The walk up Mount Tabor has become a familiar old friend, and like an old friend it has it’s own moods. Normally, when I go walking through the park, it’s with an audiobook in my ears. The walk is for the fresh air and exercise, the book for entertainment and distraction- especially if I’m in a foul mood and need to clear my mind.
That was the case this afternoon as I decided I needed to get out of the house and write this blog, but not go to a bar or cafe. Money has been tight lately, so I need to find other spaces to be creative in. The weather is perfect, and the park is free. Walking up to the top of a little hill near the summit, I have an Earthsea book in my ears. The breeze was blowing, kindly cooling me under the heat of the sun.
In my meditation lately, I’ve been trying to build on focus and mindfulness- being in each moment, and appreciating where I am and what I’m doing. As I walked, I pulled the headphones from my ears.
A deep breath. A quiet moment between heartbeats. The smell of warm cedar, and someone practicing a bamboo flute nearby. Distant traffic. Bird song.
I kick aside a few fir cones, lay down my blanket, and start to feel everything.
The kitchen has been a bit of a wild ride lately. There’s been some confusion and careless errors. It’s partially been for lack of clarification and process, which will be my job to sort out and deal with. Far too many have just been classic cases of trying to hurry through things and not realizing that if you don’t have time to do a task right, you surely don’t have time to do it over.
I’ve always believed that the culture of a business comes from the top down. The leadership sets the tone of an enterprise and decides what is or is not acceptable. The first thing I wonder, then, is whether I’ve accidentally been encouraging hasty, “just get it done” behavior.
Most of my staff is new to the industry. I remember how many mistakes I’ve made (and sometimes still make) out of impatience. Cooking and baking are processes. Things take their own time, and the best you can do is arrange those things to your benefit. There’s no way to make a pie bake faster without changing the outcome.
It took me a long time to learn the concept of “festina lente”- “make haste slowly” and that patience is one of the best skills a cook or baker can have. If things are finished the way they need to be, when they need to be, and in the places they need to be, how fast the task was performed is meaningless.
Good things take time. If I never have to correct a hastily-crimped pie crust or throw out a tray of meat pies that were left out overnight, I don’t mind how long it takes to fold them perfectly or clean up at the end of the shift.
Homebrewing is very much like baking. Most of the actual work of making mead or beer- namely, fermentation– is actually out of your hands. All you can do is create the best environment for what you want to happen to happen… then wait.
I’m very much an amateur and don’t expect to ever sell my mead or even make it for more than myself and a few friends. It’s one hobby I have that I don’t really want to make into a “side hustle”- that way it stays fun.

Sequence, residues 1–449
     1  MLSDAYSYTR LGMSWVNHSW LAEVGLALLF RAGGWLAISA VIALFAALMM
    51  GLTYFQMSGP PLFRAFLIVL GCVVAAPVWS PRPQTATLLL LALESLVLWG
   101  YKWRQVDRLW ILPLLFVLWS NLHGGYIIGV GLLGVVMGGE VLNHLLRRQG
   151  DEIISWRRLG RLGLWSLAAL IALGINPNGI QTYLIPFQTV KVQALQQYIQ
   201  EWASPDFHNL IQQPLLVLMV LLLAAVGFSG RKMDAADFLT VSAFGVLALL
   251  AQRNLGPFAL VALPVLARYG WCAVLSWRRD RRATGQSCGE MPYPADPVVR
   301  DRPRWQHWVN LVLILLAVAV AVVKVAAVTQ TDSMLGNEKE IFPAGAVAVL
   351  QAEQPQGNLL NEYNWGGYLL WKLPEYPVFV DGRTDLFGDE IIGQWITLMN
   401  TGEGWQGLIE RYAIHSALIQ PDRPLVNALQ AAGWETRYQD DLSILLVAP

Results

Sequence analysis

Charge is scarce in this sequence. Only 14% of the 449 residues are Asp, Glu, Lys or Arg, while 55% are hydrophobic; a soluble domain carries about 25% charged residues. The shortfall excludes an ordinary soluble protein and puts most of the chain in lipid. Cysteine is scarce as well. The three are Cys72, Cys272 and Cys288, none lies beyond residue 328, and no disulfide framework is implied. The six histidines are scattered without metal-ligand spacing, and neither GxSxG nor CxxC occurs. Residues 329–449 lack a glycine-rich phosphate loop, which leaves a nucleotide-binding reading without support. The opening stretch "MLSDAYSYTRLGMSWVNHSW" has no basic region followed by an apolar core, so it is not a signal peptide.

As soon as something becomes a business, one is obligated to replicate consistently. All the pies that I sell to people need to look and taste the same, regardless of whether it was a bad year for berries or what time of year it is when they order.
Meadmaking is my opportunity to embrace spontaneity, because I only do wild ferments. That means I don’t add in any yeast to do the fermentation- I leave that up to the yeasts and cultures in the air and honey. When it works out, I get some of the cleanest, freshest, most floral mead I have ever tasted. When it doesn’t, the mead may be sour or just dead-end.
While I write down my formulas with as much accuracy as possible– including which apiaries I got certain honeys from- there’s no guarantee that I’ll wind up with the same taste or quality of mead from year to year.
It forces me to be patient, do my best with what’s there, and appreciate the moments as they are. In Japanese, the phrase “Ichigo ichie” means “Once, only once.” Each moment that passes will never come again.
It feels antithetical for kitchen workers to keep that in mind. We’re taught mise en place, after all. We are trained to be prepared, be ready, and always look to the next minute then the next.
We can keep that in mind, of course- but being present and mindful of what we are doing right here right now can keep us from making silly mistakes or developing tunnel vision. It’s the soul of focusing, and of appreciating our work- making sure each moment is spent fully and well.
I’ve done a lot of thinking after writing my post last week. Realizing that those “moments of quiet” I craved for so long are always there and always available (and possibly finally limiting my caffeine intake) have made me re-appreciate taking my time with things, enjoying them and going slowly.
The fact that I have new bakers to train is also teaching me that, appropriately, I need to be patient in teaching them to be patient and mindful. The work will get done, the moment will vanish- no point doing a crappy job on your way to doing the next crappy job.
It’s taken me a long time to learn that, in and out of the kitchen. Hopefully now I can teach it.